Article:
Respondent therefore asserts a right to and legitimate interest in the disputed domain name which is composed of two common English words and submits that it did not register and could not have registered the disputed domain name in bad faith because at the time of registration it had no possible knowledge of Complainant or its claim to trademark rights.
Respondent hosts the domain name with a service which places pay-per-click advertising links, sharing the advertising revenue with the domain name owners. Respondent states that the links on the resolving website have always been auto-generated by a third party and change from time to time in a manner over which Respondent has no control.
The factual findings pertinent to the decision in this case are that:
1. Complainant has sold weight management snack bars by reference to the trademark THINKTHIN since 2006;
2. Complainant is the proprietor of United States Patent and Trademark Office (“USPTO”) Reg. No. 3,238,772 filed October 19, 2006 for the word mark THINKTHIN;
3. Respondent registered the disputed domain name on August 8, 2001;
4. Respondent is a domain name reseller and the domain name is for sale;
5. The disputed domain name resolves to a portal-style website with links to diet and weight loss plans, including a link to Complainant’s website;
6. Complainant has not licensed or otherwise given permission to Respondent to use its trademark or to register any domain name incorporating the trademark.
Paragraph 15(a) of the Rules instructs this Panel to “decide a complaint on the basis of the statements and documents submitted in accordance with the Policy, these Rules and any rules and principles of law that it deems applicable.”
Paragraph 4(a) of the Policy requires that Complainant must prove each of the following three elements to obtain an order that a domain name should be cancelled or transferred:
(1) the domain name registered by Respondent is identical or confusingly similar to a trademark or service mark in which Complainant has rights; and
(2) Respondent has no rights or legitimate interests in respect of the domain name; and
(3) the domain name has been registered and is being used in bad faith.
Identical and/or Confusingly Similar
Paragraph 4(a)(i) of the Policy requires a two-fold enquiry – a threshold investigation into whether a complainant has rights in a trademark, followed by an assessment of whether the disputed domain name is identical or confusingly similar to that trademark.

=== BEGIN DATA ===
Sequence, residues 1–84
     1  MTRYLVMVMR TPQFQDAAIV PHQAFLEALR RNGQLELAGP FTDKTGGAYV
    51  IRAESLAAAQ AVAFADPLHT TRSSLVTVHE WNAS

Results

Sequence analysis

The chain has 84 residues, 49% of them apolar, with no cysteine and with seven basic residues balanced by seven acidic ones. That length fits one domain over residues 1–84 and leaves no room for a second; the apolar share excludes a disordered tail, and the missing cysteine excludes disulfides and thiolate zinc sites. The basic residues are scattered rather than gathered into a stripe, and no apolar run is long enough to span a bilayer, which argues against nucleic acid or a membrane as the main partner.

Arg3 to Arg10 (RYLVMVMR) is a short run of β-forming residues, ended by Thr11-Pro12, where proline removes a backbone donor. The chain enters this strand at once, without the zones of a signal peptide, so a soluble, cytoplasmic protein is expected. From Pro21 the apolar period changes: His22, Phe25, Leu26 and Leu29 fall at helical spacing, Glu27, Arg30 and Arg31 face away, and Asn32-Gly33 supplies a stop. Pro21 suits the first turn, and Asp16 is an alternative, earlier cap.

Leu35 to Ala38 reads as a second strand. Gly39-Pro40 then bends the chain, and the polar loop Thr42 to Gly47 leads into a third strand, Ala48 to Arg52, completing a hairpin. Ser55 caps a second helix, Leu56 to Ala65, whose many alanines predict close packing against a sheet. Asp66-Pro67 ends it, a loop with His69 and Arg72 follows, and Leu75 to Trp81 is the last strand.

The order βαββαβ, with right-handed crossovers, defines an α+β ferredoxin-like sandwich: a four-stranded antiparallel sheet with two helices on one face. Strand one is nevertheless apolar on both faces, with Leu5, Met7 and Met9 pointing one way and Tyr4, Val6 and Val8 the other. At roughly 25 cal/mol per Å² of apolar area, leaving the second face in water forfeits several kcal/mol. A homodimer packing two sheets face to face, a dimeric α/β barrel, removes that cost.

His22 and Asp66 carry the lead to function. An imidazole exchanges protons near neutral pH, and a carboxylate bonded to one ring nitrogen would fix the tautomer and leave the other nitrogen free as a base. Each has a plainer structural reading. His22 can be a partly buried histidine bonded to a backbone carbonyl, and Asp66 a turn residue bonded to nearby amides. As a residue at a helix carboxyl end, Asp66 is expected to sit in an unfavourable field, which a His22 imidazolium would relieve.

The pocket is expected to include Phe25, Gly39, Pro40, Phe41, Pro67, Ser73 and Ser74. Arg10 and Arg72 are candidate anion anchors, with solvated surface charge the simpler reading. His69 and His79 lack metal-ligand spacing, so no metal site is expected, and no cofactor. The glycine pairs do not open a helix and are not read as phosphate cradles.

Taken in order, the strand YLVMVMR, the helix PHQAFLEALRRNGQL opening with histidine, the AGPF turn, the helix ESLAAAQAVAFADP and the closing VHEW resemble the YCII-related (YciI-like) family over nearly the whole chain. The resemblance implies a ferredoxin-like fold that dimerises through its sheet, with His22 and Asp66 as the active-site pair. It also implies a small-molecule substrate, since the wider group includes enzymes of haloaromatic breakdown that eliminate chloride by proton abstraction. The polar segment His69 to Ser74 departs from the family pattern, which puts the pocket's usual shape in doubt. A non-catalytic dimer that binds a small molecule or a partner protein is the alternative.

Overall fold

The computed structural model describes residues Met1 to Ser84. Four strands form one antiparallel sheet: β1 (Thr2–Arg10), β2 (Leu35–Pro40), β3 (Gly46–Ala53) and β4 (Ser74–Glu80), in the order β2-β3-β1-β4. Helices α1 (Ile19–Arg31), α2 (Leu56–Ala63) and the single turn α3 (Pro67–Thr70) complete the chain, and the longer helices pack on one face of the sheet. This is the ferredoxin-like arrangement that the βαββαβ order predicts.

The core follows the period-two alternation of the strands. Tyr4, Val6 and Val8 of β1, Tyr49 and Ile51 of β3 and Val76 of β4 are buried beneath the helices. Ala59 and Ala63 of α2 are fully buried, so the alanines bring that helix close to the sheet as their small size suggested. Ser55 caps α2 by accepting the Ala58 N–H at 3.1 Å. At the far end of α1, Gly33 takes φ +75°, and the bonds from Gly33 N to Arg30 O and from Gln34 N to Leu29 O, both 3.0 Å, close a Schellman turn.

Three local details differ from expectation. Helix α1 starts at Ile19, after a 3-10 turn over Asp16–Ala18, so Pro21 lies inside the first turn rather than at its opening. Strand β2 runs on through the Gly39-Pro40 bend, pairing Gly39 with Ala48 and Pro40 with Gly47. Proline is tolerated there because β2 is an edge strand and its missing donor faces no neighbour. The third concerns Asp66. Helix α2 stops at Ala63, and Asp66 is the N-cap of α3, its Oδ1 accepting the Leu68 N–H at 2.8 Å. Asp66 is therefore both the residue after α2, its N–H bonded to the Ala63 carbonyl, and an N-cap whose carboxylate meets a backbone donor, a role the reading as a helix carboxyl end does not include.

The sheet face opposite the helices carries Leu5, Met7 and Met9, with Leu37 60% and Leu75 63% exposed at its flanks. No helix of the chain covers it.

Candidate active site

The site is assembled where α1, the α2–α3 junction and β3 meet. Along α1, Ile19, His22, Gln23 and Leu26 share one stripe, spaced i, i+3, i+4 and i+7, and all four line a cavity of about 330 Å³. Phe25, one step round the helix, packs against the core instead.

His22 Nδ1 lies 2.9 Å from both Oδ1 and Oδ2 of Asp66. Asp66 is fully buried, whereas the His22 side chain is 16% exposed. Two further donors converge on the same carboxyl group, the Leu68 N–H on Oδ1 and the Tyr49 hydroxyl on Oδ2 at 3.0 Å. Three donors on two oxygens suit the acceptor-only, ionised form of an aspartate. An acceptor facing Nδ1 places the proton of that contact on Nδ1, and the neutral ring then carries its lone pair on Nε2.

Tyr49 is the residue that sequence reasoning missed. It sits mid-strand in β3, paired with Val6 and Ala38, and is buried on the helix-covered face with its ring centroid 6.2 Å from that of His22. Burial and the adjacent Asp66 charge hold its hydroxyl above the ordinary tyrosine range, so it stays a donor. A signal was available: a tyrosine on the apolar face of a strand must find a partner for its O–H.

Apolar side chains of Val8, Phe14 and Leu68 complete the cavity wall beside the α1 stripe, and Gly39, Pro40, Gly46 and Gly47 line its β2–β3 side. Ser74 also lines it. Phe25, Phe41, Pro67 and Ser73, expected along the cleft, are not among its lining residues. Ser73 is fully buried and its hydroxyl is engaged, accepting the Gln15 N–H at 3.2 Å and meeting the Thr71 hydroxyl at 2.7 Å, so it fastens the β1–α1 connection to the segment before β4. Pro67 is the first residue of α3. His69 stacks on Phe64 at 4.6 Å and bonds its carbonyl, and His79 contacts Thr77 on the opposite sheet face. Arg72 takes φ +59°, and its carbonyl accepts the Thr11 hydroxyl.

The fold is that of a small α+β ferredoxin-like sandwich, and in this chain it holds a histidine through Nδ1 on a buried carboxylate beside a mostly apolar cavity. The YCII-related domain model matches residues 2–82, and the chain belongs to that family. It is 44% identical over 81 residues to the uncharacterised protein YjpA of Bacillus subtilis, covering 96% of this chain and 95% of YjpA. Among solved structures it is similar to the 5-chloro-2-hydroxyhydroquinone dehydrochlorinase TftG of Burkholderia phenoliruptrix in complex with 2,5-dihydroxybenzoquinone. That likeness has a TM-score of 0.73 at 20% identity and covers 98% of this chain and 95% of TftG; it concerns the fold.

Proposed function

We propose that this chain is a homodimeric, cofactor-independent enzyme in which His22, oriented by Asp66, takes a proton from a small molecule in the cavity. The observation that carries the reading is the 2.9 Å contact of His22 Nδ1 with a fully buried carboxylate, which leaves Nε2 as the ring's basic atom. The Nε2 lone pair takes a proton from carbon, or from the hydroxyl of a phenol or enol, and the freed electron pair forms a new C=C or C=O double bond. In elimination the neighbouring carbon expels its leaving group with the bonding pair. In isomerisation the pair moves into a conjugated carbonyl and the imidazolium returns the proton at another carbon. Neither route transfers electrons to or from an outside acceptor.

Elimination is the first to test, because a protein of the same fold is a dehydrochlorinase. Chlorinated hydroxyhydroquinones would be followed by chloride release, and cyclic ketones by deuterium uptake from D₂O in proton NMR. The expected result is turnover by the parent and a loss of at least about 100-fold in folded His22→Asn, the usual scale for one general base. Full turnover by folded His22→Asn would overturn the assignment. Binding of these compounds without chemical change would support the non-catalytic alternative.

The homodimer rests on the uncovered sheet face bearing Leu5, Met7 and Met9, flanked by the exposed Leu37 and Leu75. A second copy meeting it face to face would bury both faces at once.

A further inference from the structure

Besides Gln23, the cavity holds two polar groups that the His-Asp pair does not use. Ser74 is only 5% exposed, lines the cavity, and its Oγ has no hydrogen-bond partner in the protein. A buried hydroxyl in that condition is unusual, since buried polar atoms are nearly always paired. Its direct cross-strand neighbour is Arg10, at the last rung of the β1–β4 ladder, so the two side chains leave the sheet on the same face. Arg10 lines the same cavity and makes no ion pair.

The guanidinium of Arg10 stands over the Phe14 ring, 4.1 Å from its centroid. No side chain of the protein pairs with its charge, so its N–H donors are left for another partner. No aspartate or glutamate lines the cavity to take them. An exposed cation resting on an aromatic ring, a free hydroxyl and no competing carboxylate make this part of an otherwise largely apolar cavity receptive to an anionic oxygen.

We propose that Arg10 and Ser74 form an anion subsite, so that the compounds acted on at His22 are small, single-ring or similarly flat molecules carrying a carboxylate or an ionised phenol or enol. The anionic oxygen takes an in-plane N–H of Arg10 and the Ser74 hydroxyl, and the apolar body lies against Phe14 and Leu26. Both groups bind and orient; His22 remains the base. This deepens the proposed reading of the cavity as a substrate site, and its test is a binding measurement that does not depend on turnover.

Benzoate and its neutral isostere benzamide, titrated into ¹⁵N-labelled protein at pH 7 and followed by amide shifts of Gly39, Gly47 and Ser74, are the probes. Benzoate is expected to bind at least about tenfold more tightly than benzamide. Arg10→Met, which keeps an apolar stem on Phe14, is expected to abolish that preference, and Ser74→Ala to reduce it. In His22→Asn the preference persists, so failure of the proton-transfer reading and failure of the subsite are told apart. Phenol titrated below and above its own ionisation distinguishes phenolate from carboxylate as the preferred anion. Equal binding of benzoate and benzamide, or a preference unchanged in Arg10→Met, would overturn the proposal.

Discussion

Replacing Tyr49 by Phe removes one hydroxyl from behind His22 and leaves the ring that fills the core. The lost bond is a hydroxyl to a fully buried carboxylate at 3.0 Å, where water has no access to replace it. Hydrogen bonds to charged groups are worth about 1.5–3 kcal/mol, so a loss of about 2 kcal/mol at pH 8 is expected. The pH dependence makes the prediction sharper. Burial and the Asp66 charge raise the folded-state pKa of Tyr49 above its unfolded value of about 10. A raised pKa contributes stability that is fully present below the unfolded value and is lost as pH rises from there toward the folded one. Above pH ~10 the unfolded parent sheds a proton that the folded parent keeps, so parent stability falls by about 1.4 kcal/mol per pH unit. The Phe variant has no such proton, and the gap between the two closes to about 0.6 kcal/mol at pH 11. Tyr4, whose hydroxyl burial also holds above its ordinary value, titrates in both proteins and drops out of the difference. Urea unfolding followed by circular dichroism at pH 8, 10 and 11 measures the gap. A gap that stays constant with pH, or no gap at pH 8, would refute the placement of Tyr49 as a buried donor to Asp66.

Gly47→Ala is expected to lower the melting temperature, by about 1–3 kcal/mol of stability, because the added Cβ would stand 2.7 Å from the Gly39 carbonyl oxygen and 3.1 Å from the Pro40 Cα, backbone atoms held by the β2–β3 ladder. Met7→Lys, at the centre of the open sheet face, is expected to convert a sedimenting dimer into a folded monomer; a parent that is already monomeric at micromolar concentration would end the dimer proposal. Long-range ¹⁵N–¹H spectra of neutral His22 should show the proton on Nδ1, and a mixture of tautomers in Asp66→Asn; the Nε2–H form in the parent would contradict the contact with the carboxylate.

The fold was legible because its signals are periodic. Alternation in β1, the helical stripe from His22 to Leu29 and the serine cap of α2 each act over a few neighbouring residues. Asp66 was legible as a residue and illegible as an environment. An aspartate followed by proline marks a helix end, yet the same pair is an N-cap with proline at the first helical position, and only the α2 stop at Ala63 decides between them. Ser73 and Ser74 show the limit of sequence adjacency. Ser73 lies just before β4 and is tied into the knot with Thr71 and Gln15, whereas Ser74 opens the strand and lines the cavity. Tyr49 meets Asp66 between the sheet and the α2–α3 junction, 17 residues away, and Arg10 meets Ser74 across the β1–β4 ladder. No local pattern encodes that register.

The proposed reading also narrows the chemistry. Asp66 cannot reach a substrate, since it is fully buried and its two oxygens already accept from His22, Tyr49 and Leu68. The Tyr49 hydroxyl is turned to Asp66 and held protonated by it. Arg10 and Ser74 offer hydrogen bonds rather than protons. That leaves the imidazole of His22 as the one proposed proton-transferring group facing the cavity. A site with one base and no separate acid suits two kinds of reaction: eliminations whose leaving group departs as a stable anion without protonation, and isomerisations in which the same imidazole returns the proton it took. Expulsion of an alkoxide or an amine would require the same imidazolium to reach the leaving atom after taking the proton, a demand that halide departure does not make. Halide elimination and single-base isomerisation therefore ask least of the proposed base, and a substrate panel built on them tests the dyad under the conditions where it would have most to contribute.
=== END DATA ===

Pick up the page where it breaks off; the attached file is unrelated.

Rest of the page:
Paragraph 4(a)(i) of the Policy does not distinguish between registered and unregistered trademark rights. It is well established by decisions under this Policy that a trademark registered with a national authority is evidence of trademark rights. Since Complainant provides evidence of its USPTO trademark registration for THINKTHIN, the Panel is satisfied that it has trademark rights. See State Farm Mut. Auto. Ins. Co. v. Periasami Malain, FA 705262 (Nat. Arb. Forum June 19, 2006) (“Complainant’s registrations with the United States Patent and Trademark Office of the trademark, STATE FARM, establishes its rights in the STATE FARM mark pursuant to Policy, paragraph 4(a)(i).”).
Panel is also satisfied that the disputed domain name is confusingly similar, if not legally identical, to Complainant’s trademark. The disputed domain name takes the trademark and merely adds the non-distinctive gTLD, “.com.” See Rollerblade, Inc. v. McCrady, D2000-0429 (WIPO June 25, 2000) (finding that the top level of the domain name such as “.net” or “.com” does not affect the domain name for the purpose of determining whether it is identical or confusingly similar); see also Abt Elecs., Inc. v. Ricks, FA 904239 (Nat. Arb. Forum Mar. 27, 2007) (“The Panel also finds that Respondent’s <abt.com> domain name is identical to Complainant’s ABT mark since addition of a generic top-level domain (“gTLD”) is irrelevant when conducting a Policy ¶ 4(a)(i) analysis.”).